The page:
Somerville nightclub Johnny D’s was a second home to many


By Sharon Oliver, Contributing Writer

The late blues musician Eddie Kirkland performing at Johnny D’s nightclub in Somerville.Photo/Tom Hazeltine
The late blues musician Eddie Kirkland performing at Johnny D’s nightclub in Somerville.
Photo/Tom Hazeltine

SOMERVILLE – When they opened in 1969, John and Tina DeLellis probably had no idea how their little neighborhood bar, Johnny D’s, would become a crucial part of the lives of musicians far and wide. By the time their daughter Carla and son David had taken over, which followed the death of their father in 1984, Johnny D’s had expanded and included a stage for live bands and a fully operational kitchen. Closed since 2016, the venue served as a launching pad for country music stars the Dixie Chicks and 27-time Grammy winner Alison Krauss.

A second home for local performers

Perhaps more than that, it was like a second home for local talent and all genres of music from Afropop to blues to Cajun were welcomed. Artists from Cambridge’s Rounder Records label also performed there often. Interestingly, Rounder Records album covers were used as menus for a long time. There were even folks who said their wedding vows at Johnny D’s.

In 2016, owner Carla DeLellis told Boston Magazine, “I will miss this extension of my living room, where music fans, bar regulars, staff past and present, and restaurant customers gathered, and we were all able to share in conversations and experiences.” She jokingly added, “I will miss having my dinner cooked for me, too.” Its jazz brunch was enormously popular and is still wistfully spoken about today.

Over its 47-year history the beloved club also offered the community a slate of events, including salsa night, a Sunday night blues jam and a trivia night.


A place in the heart

Johnny D’s will forever hold a place in the hearts of many of its former regulars. “When I moved to Massachusetts as a ‘newly-single’ 30-something man in 1996, I put a personal ad in the now-defunct Boston Phoenix newspaper,” recalled Paul David Mena, who now lives on Cape Cod. “Following some less-than-stellar results, I cancelled my ad. Or at least I thought I did. In May of ’97, I received an encouraging and very much unexpected response. After a brief email correspondence, we spoke via phone and decided to go on a date.”

“As I was living in Teele Square, I was familiar with Johnny D’s since it was across the street from the Davis Square T stop,” Mena explained. “My date Mary was familiar with Eddie Kirkland, a blues musician who would be performing there on the following Sunday, and the stage was set. I walked into a crowd of unfamiliar faces only to find that one of them was smiling at me from the other side of the bar area. That magical moment lives on over 26 years later.”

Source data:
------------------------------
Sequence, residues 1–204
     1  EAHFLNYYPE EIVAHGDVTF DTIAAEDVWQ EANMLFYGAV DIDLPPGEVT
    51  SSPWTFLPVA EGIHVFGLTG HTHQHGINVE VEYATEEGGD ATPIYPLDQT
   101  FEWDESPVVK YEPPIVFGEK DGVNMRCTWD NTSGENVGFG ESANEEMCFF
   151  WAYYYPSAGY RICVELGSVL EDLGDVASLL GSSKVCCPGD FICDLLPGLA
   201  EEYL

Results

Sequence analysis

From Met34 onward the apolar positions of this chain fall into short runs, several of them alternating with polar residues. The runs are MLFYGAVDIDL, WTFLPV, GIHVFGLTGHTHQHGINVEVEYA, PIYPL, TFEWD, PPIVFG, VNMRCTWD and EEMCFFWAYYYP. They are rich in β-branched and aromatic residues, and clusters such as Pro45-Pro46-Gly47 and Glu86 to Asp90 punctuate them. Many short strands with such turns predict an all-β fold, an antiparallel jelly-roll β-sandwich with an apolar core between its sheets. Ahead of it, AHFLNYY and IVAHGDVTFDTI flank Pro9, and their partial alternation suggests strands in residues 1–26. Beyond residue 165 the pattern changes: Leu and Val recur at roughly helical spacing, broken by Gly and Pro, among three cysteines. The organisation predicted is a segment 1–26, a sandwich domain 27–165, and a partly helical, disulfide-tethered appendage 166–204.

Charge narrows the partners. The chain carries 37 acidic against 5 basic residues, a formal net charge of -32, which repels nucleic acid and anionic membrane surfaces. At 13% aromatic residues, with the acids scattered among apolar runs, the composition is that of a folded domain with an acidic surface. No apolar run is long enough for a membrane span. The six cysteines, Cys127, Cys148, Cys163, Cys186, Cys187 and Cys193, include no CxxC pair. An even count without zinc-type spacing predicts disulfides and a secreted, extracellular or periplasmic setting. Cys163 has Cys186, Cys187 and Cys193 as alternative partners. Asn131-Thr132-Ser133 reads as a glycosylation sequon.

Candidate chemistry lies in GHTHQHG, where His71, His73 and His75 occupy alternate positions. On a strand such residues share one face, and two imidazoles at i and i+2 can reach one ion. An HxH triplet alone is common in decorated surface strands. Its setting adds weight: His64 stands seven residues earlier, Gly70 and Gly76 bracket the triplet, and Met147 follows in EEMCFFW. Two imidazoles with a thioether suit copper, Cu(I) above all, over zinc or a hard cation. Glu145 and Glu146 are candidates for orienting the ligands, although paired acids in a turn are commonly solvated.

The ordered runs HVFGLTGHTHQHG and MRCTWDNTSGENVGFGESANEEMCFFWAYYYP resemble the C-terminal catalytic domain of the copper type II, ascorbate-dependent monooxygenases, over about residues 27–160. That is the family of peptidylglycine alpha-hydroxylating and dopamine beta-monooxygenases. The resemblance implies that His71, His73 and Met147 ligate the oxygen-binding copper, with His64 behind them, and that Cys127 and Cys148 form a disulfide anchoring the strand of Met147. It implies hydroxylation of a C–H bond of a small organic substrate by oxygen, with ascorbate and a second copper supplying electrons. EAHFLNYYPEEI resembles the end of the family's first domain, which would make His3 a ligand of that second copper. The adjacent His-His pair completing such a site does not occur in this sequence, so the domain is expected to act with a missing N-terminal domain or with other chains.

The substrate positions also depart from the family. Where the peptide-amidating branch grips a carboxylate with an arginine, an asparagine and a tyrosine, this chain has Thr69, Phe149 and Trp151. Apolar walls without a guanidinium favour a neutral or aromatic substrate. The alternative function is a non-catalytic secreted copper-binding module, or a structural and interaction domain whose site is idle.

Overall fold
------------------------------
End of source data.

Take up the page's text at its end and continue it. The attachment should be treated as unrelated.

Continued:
Mena’s wife Mary added, “After our first date there, we went back many times over the years to see lots of live music: Bim Skala Bim, John Trudell, Johnny Hoy & The Bluefish, Treat Her Right, The Zambonis, The Baseball Project, and Sugar Ray and the Blue Tones, just to name a few. Paul and I have been married 25 years now.”  


Final tribute

Johnny D’s owner Carla DeLellis waves in appreciation at the parade by local musicians when the Somerville nightclub closed on March 13, 2016.Photo/Tom Hazeltine
Johnny D’s owner Carla DeLellis waves in appreciation at the parade by local musicians when the Somerville nightclub closed on March 13, 2016.
Photo/Tom Hazeltine

Son David DeLellis passed away in 1998. When family matriarch Tina died in 2008, the club’s stage briefly went dark in her honor, but the doors remained open for those who wanted to mourn the loss of the woman described as the pulse of Johnny D’s. Sarah Rodman composed a story about the matriarch’s legacy for the front page of the Boston Globe. Remembered for being brutally honest and known for having a hearty laugh, Tina mingled often before returning to “her seat” in the 300-person capacity room. 

Carla DeLellis ran Johnny D’s for another eight years after her mother’s passing. When it closed in 2016, there was a show of appreciation from local musicians. They honored the club with a celebratory New Orleans-style funeral parade on March 13 through Davis Square, as a large crowd came out to bid farewell to Johnny D’s with an instrumental tribute that would make John, Tina, and David proud.



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